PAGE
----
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Brooklyn pols say ‘pause’ protests, borough activists vow to march on • Brooklyn Paper

Brooklyn pols say ‘pause’ protests, borough activists vow to march on

All lives matter: Police stand near a memorial to their fallen colleagues, with a banner riffing on the “Black lives matter” protest slogan in the background.
Photo by Paul Martinka

Give it a rest, but keep it up.

That is the message of some Brooklyn pols who are calling for anti-police-brutality protesters to stay off the streets while the families and colleagues of the officers killed in Bedford-Stuyvesant on Saturday mourn. Borough President Adams has been saying since Sunday that the demonstrators upset with grand juries’ decisions not to indict cops in the killings of Michael Brown in Missouri and Gowanus native Eric Garner on Staten Island need to at least delay their next march until funerals have been held for officers Wenjian Liu and Rafael Ramos.

“The marchers should hit the pause button,” Adams said. “I am in full support of them continuing, but it should be after the officers have been laid to rest.”

Ramos’s funeral is scheduled for Saturday morning in Queens. Details of memorial services for Liu had not yet been announced at press time.

Mayor DeBlasio joined the call on Monday, saying:

“It’s time for everyone to put aside political debates, put aside protests, put aside all of the things that we will talk about in due time. That can be for another day.”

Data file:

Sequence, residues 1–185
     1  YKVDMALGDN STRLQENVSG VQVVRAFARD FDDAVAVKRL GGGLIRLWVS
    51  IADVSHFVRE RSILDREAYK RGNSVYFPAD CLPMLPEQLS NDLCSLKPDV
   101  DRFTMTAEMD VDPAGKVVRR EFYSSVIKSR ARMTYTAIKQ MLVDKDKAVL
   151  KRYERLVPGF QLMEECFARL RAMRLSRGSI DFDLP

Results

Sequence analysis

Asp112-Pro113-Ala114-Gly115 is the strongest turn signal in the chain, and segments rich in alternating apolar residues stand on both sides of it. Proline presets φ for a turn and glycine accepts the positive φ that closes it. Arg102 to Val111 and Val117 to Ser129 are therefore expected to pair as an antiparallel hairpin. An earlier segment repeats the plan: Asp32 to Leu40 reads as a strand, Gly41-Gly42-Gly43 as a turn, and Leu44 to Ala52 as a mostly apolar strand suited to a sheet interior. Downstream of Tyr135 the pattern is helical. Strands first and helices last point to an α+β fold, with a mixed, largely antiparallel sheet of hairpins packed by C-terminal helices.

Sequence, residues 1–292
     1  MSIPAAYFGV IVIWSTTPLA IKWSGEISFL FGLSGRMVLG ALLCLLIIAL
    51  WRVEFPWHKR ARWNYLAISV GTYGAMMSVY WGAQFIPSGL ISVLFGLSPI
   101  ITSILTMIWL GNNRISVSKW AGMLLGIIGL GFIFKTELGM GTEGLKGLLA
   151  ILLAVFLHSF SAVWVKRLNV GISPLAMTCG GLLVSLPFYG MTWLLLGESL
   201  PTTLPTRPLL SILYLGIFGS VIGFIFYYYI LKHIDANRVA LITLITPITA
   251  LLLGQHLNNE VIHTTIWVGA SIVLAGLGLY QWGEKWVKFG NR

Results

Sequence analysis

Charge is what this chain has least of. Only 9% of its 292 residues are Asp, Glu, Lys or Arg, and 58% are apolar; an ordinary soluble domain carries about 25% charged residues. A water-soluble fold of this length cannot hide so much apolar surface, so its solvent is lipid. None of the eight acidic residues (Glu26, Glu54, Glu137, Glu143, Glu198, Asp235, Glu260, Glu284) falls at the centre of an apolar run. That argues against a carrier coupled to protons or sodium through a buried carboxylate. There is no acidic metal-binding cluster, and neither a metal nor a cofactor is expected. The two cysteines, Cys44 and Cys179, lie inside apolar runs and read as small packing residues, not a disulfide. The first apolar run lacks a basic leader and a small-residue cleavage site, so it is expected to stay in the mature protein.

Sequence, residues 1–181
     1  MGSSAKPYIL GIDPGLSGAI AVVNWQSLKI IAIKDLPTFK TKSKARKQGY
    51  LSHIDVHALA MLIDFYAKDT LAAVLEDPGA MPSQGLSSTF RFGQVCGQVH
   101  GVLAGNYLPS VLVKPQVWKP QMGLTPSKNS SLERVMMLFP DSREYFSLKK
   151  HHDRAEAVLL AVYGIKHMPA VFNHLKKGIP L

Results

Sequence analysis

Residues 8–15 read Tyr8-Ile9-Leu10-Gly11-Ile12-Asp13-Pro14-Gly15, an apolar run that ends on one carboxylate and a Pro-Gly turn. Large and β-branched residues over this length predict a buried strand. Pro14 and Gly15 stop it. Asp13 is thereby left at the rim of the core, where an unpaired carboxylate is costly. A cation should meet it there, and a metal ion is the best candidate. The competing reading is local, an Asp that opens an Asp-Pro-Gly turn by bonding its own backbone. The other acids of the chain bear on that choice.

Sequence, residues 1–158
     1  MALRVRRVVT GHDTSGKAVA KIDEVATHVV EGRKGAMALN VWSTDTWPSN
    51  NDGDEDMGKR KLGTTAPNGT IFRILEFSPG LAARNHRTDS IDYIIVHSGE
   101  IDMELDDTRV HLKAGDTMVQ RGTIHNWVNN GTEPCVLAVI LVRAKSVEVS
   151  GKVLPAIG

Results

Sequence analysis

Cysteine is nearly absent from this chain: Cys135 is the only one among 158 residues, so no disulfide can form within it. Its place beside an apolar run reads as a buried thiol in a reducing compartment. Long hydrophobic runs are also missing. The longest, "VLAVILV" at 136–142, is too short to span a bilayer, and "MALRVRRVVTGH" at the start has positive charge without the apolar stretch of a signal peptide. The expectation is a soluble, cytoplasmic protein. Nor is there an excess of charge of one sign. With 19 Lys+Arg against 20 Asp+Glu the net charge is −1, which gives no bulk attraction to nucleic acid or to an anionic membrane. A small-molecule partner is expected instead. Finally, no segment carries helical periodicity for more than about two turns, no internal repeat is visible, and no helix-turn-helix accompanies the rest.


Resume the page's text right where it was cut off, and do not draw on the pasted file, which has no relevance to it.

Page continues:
DeBlaiso’s speech came as flags flew at half-staff citywide to honor the officers who police say Ismaaiyl Brinsley shot without warning as they sat in their patrol car in Bedford-Stuyvesant.

Brinsley, who family members have told reporters has a history of mental illness, travelled to Brooklyn from Baltimore, Maryland with the aim of killing police, and social media posts shortly before the shooting cited the deaths of Garner and Michael Brown as justification, police said.

NYPD unions declared the murders DeBlasio’s fault within hours of the officers’ deaths, with leaders of both the Patrolmen’s Benevolent Association and the Sergeant’s Benevolent Association saying that he has blood on his hands. The unions orchestrated a silent protest on Saturday evening, with dozens of officers turning their backs as DeBlasio entered Woodhull Medical Center, where the bodies of Liu and Ramos had just been taken. The murders and subsequent union outcry bring to a head a long-running conflict with the mayor, who union leaders have long said is insufficiently supportive of officers, and who a rep recently faulted for saying, in a discussion of the protests that have gripped the city for a month, that he warned his mixed-race son Dante to be cautious when dealing with police.

City Hall and Police Commissioner Bill Bratton have said much of the union criticism stems from ongoing contract negotiations, which started in May. In addition to blaming DeBlasio for Brinsley’s acts, Patrolmen’s Benevolent Association president Pat Lynch blamed protesters, calling them, “those that incited violence on the street under the guise of protests that tried to tear down what New York City police officers did every day.”